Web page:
Purpose of our Bible Studies:

  1. To build a foundation of God's knowledge thought the Word of God and ably them in our daily Christian life.
  2. To create a habit of scrutinize the Scriptures and connect the Old covenant (OT) and the New Covenant (NT).
  3. To guide you on how to analyze the Scripture so you can develop the ability to find out the correct meaning.
  4. Don't believe anything that we or someone is teaching unless it can be proven in the Bible.

Come and discover the foundation of the Scripture

Ready to add color to your beliefs? It does not matter what denomination you belong too. Come and join us in a weekly Bible study. Our intention: to connect the old testament with the new one. How do we do that? We will connect the first five books of the Bible, with the writings of the prophets and finally the new testament.

It will blow up your mind!


Connecting the entire Scripture. Let's look at the foundation of our beliefs. The Pentateuch is the five sacred books of the Jewish and Christian bibles. This Pentateuch is also known as the Torah. It is composed by Genesis, Exodus, Leviticus, Numbers and Deuteronomy. These five books are the foundation of faith in our Messiah, Jesus. Several concepts from our religions are associated with the gospel such as God, wisdom, righteousness, sacrifice, faith, rituals like baptism (yes, baptism), and communion comes from the Torah.

During ancient times, Jews were reading the Torah portion at the synagogues on a weekly basis (Acts 15:21). This tradition is still alive. The Torah portion is known in Hebrew as "Parashah"€ and it is divided into 54 readings throughout the year. Each week the reading portion has a title. The title comes from the first sentence of that week'€™s reading. As mentioned before, we will connect the Pentateuch, with the writing of the prophets and the gospel. This will help us understand the foundation of our Father, the consequence of not following the instructions; Jesus, the verb of our infrastructure and ultimately, how we apply these concepts in our daily life. May the Lord bless you with his words.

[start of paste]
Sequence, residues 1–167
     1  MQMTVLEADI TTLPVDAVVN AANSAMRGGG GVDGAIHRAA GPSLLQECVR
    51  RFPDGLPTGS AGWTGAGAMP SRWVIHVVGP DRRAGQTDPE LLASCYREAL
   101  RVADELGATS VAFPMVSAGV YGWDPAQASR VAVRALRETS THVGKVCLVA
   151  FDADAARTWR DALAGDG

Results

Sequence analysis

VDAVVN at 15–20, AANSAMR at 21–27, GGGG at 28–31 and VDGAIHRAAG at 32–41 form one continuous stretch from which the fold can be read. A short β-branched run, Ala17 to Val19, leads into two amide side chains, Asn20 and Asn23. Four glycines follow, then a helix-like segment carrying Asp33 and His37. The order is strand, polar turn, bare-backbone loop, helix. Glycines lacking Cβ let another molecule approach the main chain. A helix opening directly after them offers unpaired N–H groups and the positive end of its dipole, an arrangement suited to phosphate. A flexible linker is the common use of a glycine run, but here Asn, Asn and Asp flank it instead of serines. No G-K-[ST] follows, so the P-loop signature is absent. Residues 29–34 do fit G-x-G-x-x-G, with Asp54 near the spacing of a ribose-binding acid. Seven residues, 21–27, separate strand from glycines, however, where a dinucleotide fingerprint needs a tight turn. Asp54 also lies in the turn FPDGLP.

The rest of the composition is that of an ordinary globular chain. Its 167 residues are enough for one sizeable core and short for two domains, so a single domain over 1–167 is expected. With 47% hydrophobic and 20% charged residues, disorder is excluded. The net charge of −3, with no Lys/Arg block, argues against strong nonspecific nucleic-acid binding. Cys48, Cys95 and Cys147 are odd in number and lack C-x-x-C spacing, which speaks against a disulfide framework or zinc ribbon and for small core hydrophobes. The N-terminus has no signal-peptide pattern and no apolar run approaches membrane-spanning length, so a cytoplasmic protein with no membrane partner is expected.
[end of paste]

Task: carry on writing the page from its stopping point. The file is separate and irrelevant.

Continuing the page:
Weekly Bible study

This is a paragraph. Double-click the text box and begin editing. Use the text editor to customize your text. It's that easy!

This week portion: Vayera “And He Appeared”

Readings: Genesis 18:1 – 22:24 (Torah), 2 Kings 4:1-37 (Prophets), Lk. 2:1–38 (Gospel)

This week portion, we learn two great spiritual concepts: stewardship and faith. The Torah says that the Lord appeared to Abraham (Genesis 18:1). Sitting at the entrance of Abraham’s Tent, he noticed three men (angels) standing nearby. The second verse Abraham teaches us a great stewardship lesson as he ran to meet them. He welcomed, offered respect, shelter, hospitality, and food. The book of Hebrews teaches us to demonstrate hospitality to strangers. Just like Abraham did three men who passed nearby, we should invite people to our house, congregation, show them kindness, serve them and show them the love of God as it might be God himself.

“Do not forget to show hospitality to strangers, for some who have done this have entertained angels without realizing it!” Hebrews 13:2


Sarah will have a son  (Genesis 18:10).

Wow.. How can we believe in something humanly impossible? Sarah laugh and with this action, she validates disbelief. Who can blame her? She was beyond her childbearing years. The Hebrew says “She laughed within herself” which implies a private laugh. The Lord can hear thoughts of our inner being, our hearts. Despite her disbelieve, God gave her the hope and the assurance that there is nothing impossible for Him.


Abraham supplicates for Sodom (Genesis 18:23)

Abraham bargained and implored for mercy on behalf of Sodom, but what drove him to do that? Is it because of his nephew or compassion? Sodom was a wicked city and God intended to punish sin, and Abraham was motivated to intercede for it because his nephew (Lot) was leaving there. He knew that one way or the other the city must be punished, but he also knew how merciful God was with the sinners.

This verses sounded very familiar in my personal life. My son has consecutively received bad grades at school, and after we try multiple actions, next step is to implement discipline. We decided to take away some privileges. My son calls grandma, and she calls daddy saying “hey, you know that your son is a good kid. Maybe you're too strict.”

My mom was appealing for mercy. But the issue is that she does not see the whole picture. Please follow me in this analogy of this story and the bible. As parents, we gave him the instruction (= Torah) of what to do to improve his grade, several opportunities (= grace), and brought him a tutor ( = prophet) to teach him. The problem was that he prefers to focus on other things. Next step: teach him a lesson of the action and consequences when he makes the wrong choices.

God shows how merciful He was allowing Abraham to intercede and also by letting his nephew get out of Sodom before it was destroyed.